Gabelli Funds, LLC

U.S. equities were almost unchanged in May

U.S. equities were almost unchanged in May despite the heightened volatility seen throughout most of the month. April’s sell-off continued well into the month, as the S&P 500 dropped below the bear-market threshold on May 20th. While the market has rallied since that point, investors are skeptical whether that rebound represented a real move off the bottom or a bear-market rally. As Q1 earnings season came to a close, companies highlighted the impacts of higher inflation, a challenging labor market, rising interest rates and ongoing supply chain woes.
The Russia-Ukraine war, which now has lasted over three months, has sent economic shockwaves through Europe and the rest of the world. Supply chain disruptions and surging commodity prices, caused by the war in the Ukraine-Russia region, have greatly increased the prices of energy and food costs worldwide. Unfortunately, it does not look like the conflict will be resolved any time soon, and it is difficult to see how a Putin-led Russia would be re-integrated back into the global economy.
M&A activity remained robust in May with more than $453 billion in announced deals in the month. This was only 3% lower than May 2021, and a sequential increase compared to the $421 billion announced in April of this year. Through the end of May, deal volume totals $1.9 trillion, a decline of about 10% compared to the record breaking activity in 2021. The combination of market volatility, and the expectation for continued Fed rate hikes to combat persistent inflation, contributed to spreads widening on pending deals.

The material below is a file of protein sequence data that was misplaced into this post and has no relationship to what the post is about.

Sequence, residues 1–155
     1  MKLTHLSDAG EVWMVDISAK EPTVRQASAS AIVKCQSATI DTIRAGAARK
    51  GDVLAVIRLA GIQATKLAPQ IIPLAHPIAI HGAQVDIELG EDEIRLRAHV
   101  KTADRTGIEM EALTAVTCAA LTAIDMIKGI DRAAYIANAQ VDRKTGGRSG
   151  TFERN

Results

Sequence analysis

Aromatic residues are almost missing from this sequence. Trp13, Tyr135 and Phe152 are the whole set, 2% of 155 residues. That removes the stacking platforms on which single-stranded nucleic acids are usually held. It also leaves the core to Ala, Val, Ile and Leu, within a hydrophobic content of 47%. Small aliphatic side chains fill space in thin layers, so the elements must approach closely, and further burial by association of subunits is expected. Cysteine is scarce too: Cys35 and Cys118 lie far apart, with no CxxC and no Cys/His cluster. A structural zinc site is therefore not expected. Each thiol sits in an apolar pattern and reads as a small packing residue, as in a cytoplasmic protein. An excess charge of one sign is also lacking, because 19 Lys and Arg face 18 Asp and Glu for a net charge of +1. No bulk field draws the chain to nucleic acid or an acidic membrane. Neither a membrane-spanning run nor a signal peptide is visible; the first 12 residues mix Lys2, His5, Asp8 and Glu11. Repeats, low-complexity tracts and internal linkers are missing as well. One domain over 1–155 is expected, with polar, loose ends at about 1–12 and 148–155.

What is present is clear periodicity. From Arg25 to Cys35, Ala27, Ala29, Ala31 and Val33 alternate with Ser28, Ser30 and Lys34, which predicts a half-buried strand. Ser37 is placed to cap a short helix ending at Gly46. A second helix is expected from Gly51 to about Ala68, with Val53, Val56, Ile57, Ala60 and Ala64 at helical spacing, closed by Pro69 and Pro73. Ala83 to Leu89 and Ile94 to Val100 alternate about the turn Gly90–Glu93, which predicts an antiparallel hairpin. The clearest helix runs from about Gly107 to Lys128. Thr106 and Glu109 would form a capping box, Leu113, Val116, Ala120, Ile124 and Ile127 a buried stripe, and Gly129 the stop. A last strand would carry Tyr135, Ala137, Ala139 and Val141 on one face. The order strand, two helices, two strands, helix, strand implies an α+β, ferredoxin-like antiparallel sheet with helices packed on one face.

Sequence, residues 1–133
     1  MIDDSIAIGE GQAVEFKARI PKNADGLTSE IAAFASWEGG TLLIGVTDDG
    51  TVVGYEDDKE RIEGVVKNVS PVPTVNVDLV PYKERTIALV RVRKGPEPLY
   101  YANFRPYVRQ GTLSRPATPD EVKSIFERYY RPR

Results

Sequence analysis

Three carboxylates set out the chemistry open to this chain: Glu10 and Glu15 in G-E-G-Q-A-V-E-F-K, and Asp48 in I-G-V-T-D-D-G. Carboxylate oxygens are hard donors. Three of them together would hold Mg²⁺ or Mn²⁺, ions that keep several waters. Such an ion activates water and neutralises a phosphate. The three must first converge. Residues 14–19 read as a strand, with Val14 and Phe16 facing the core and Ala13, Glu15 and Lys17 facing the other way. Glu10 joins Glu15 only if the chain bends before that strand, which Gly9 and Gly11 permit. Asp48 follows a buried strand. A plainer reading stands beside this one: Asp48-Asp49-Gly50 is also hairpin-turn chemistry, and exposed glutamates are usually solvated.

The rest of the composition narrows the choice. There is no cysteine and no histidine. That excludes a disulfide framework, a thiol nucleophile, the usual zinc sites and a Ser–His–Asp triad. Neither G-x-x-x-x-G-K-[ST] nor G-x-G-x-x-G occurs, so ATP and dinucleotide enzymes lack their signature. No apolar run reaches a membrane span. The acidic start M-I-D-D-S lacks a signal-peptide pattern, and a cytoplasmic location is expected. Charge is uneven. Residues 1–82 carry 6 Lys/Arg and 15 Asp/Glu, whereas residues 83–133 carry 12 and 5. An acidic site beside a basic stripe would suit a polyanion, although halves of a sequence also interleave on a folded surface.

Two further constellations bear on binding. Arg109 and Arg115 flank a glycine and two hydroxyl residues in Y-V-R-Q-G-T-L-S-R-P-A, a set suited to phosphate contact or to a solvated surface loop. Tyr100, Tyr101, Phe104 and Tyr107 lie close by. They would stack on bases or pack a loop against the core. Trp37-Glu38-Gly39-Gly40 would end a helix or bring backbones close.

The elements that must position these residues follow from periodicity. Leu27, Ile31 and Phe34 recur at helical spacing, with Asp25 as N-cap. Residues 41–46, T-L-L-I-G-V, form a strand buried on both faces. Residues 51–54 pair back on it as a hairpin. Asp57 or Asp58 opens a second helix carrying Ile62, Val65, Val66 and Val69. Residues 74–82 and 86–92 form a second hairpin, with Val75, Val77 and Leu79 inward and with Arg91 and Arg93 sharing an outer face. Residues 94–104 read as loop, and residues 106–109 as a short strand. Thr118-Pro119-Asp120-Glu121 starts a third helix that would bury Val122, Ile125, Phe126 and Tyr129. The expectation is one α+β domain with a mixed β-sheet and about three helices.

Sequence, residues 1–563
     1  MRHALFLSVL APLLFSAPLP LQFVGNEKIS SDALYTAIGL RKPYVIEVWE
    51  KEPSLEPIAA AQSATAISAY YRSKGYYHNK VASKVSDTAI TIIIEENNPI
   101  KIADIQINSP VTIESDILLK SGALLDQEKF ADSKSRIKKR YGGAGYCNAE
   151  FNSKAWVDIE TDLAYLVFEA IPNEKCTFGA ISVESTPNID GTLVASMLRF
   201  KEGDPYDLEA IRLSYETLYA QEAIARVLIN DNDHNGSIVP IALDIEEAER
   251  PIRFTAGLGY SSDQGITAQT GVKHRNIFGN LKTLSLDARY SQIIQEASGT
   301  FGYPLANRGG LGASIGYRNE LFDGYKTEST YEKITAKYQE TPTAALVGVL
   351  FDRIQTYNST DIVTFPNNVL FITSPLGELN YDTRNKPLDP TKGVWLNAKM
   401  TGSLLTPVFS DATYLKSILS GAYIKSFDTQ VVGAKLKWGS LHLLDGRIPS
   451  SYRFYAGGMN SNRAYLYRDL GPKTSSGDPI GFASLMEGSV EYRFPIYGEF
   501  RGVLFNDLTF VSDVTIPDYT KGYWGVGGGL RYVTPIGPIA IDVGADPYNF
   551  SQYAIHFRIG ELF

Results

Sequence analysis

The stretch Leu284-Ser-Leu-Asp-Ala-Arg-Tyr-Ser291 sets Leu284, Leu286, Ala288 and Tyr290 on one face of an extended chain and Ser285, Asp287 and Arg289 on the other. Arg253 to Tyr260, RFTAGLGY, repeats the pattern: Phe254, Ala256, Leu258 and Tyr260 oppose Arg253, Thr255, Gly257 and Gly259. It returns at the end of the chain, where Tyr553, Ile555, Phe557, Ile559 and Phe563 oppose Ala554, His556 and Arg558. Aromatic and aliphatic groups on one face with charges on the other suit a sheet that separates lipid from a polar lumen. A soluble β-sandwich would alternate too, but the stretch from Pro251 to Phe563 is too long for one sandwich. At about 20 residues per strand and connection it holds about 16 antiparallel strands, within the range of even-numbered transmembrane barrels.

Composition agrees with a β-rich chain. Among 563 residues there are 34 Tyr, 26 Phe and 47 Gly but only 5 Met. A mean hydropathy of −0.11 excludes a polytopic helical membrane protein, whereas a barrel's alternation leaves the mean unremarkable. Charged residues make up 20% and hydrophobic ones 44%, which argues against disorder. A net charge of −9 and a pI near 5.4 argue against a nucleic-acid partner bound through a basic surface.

In the face of wider spreads, deals continued to receive regulatory and shareholder approvals, and to close including Zynga’s (ZNGA-NASDAQ) $12 billion acquisition by Take-Two, Mimecast’s (MIME-NASDAQ) $5 billion acquisition by Permira, US Ecology’s (ECOL-NASDAQ) $2.5 billion acquisition by Republic Services, Inc., and Bottomline Technologies’ (EPAY-NASDAQ) $3 billion acquisition by Thoma Bravo. In early June, Oracle completed its $29 billion acquisition of medical records company Cerner (CERN-NASDAQ), and we expect Chevron will complete its $3 billion acquisition of Renewable Energy Group (REGI-NASDAQ) in the coming days.
Convertibles had another down month as underlying equities lagged and credit spreads continued to widen. With equity markets declining, we have seen premiums expand substantially in some convertibles.  Convertible Issuance has been a hot topic over the last few years with record issuance levels in 2020 and 2021. The primary market has slowed significantly in 2022 but we have seen a number of companies test the waters with potential deals only to pull them given the market conditions. These companies and many more will still need capital to operate, and the convertible market remains one of the least expensive ways for them to raise that capital. We saw a few new issues in May, and we are optimistic that issuance will pick up through the second half of the year. In past downturns, the convertible market has been one of the first markets to rebound both from an issuance and performance perspective. This is because convertibles can be issued quickly and less expensively than traditional bonds or equity. The equity optionality allows investors in these issues to participate in the upside as the market recovers.